Among the two categories of patients, patients with long COVID may have respiratory problems even after recovery. “Such patients would need a steady amount of oxygen which can be managed with concentrators or oxygen cylinders at home,” says an internal medicine expert at a government hospital in Chennai.
“Oxygen therapy at home is useful for patients with long COVID, who have fewer chances of slipping into another major respiratory crisis. Only when a doctor has confirmed that chances of further worsening of condition are low, is it advisable to avail an oxygen concentrator or cylinder at home set-ups for COVID patients,” said the doctor.
If a person has just tested positive and starts oxygen therapy at home, doctors say that it could, in fact, do more harm than good. “The oxygen levels are dynamic at this stage and the quantity of oxygen required also varies, hence oxygen therapy for such patients at home is not advisable. It could be used as a stop-gap measure only if the patient will be shifted to a hospital within a short span of time,” another government doctor based in Chennai adds.
Besides COVID, concentrators are suggested for long-time usage by persons with respiratory illnesses that require regular oxygen supply. For patients on concentrators, doctors advise having a full-time nurse for monitoring the saturation levels and adjusting the concentrators.
If the saturation level drops below 95 for normal patients (and below 90 for asthmatics and smokers), they will need supplemental oxygen. “It is essential to monitor the oxygen saturation from time to time. If it falls below 95, it is advisable to seek an oxygen bed at a hospital and not rely on home oxygen therapy,” adds the doctor.
It is risky to use oxygen at home if the saturation is below 95; it can do more damage than good. It can be used, but not advisable for early COVID.
Buying oxygen cylinders and concentrators
Here’s a list of volunteer organisations that provide information on places to procure oxygen cylinders from:
- Chennai Volunteers (@CHNvolunteer) / Twitter
- ChennaiCares (@ChennaiCares) / Twitter
- MeiFactory (@MeiFactory) / Twitter
People can reach out to them on Twitter and seek help. While buying/renting oxygen cylinders, it is essential to keep the following points in mind:
- Colour code: The body of the oxygen cylinder is black and the shoulder is white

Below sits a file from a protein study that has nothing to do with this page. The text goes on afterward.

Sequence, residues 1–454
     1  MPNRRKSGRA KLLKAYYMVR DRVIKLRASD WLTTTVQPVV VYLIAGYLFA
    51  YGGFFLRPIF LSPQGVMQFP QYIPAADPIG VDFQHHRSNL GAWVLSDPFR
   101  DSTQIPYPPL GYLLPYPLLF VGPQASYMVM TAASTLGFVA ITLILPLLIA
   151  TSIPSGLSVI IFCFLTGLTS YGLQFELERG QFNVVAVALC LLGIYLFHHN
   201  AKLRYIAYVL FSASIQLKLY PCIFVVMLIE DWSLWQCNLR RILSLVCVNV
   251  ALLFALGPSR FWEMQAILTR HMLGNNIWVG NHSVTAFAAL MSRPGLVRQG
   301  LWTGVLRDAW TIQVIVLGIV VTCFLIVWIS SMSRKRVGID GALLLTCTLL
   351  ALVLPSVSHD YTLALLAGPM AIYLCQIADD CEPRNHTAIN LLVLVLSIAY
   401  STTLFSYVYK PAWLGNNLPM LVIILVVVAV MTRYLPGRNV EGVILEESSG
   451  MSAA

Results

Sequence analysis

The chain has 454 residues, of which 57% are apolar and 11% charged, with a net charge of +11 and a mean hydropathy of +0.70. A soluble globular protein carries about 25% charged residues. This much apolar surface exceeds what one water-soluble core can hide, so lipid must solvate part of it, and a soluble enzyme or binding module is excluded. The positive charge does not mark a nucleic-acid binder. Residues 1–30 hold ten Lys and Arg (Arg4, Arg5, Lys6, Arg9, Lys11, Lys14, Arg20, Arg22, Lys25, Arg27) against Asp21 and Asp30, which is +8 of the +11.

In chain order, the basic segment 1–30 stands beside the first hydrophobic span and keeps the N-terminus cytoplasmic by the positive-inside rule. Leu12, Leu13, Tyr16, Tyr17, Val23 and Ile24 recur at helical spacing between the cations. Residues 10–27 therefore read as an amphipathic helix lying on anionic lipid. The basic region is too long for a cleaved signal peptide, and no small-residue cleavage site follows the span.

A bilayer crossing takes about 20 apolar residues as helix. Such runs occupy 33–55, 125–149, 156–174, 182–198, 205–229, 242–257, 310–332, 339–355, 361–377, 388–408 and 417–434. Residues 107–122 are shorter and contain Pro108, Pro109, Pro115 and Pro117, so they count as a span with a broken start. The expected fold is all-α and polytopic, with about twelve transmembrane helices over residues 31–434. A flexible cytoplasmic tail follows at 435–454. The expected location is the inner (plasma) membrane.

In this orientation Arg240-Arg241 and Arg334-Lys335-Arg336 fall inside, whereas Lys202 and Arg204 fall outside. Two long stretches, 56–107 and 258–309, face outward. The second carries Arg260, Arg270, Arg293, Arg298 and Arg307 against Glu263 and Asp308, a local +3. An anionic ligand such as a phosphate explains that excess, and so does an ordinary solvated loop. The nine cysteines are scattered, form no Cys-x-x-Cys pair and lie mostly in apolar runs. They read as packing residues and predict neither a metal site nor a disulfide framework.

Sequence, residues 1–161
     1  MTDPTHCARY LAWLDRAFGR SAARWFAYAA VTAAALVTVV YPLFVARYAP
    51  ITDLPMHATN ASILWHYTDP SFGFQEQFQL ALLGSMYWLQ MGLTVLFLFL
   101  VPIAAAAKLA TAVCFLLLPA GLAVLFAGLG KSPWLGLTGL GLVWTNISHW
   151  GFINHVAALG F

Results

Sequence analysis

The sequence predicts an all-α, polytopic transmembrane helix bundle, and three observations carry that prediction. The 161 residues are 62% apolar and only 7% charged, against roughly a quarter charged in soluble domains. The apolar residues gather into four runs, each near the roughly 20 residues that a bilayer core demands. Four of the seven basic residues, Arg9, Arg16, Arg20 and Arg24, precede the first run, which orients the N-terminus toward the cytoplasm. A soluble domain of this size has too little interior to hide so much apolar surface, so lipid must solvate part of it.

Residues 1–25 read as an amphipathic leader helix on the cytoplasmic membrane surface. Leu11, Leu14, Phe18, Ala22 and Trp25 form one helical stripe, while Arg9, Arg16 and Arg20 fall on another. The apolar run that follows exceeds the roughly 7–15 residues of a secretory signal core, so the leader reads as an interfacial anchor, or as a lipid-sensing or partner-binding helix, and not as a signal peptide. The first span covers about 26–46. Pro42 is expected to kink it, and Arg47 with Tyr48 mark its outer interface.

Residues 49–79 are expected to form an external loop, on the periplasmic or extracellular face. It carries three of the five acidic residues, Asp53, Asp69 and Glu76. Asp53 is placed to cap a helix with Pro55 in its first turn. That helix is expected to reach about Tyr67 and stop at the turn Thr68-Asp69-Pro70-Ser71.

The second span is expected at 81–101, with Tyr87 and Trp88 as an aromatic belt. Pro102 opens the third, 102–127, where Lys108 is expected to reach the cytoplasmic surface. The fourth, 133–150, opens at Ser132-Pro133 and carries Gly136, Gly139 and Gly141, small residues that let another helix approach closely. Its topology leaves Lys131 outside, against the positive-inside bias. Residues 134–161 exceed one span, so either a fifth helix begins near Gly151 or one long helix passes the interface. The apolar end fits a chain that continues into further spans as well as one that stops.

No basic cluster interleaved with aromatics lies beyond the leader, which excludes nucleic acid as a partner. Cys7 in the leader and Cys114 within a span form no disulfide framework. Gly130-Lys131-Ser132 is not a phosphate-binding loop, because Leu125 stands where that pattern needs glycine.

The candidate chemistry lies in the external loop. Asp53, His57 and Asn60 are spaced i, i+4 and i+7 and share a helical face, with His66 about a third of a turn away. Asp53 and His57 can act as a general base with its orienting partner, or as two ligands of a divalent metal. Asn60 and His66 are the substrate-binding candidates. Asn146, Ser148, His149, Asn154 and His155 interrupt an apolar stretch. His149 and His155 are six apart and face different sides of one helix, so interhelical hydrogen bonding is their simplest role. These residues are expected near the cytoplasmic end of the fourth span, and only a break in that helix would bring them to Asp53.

- Ensure that you get the humidifier, flow adjuster, tubing meter and flow meter along with the cylinder
As oxygen causes other materials to burn rapidly, it is essential to keep the cylinder away from heat sources and flames, secure the valve properly to prevent leakage , ensure adequate ventilation and turn off the valve when required.
Oxygen concentrators may be bought online, on e-commerce platforms like Amazon or Flipkart, but the real crunch is supply, as there are not enough domestic manufacturers to meet the demand that exists under the current circumstances. It is a market largely supplied by imports. A recent press release from the government says that individuals can now acquire oxygen concentrators from abroad for personal use, through post, courier or e-commerce portals, in the list of exempted categories, where customs clearance is to be sought as ”gifts”. This exemption is valid till July 31 2021.
It is however important to consult a medical professional before making a purchase, and seek inputs about the type of concentrator that would be suitable for the patient.
There are home ICU and ventilator suppliers. Can one avail this facility if they do not get an ICU bed at hospitals?
Medical practitioners are strictly against this practice. ICUs are meant only to be set-up at hospitals as it requires intensive monitoring. A staff nurse, available round the clock, would keep a check on the patient’s oxygen levels, urine output, adverse reactions caused by drugs, monitoring for new symptoms and what contributes to it. Similarly, critical patients are put on a ventilator. A ventilator is a device that provides oxygen to lungs through a breathing tube.
“Home ICUs and ventilators should not be set up as they need extensive equipment and continuous care, which cannot be provided at home. It is only safe to treat critical patients in a hospital set-up,” adds the government doctor.
Former director of public health, Dr K Kolandaswamy says, “Even if manufacturers are providing home ICUs and ventilators, it is not right to avail the services at home as these are meant only for hospital uses. It also leads to inequity in treatment of patients.”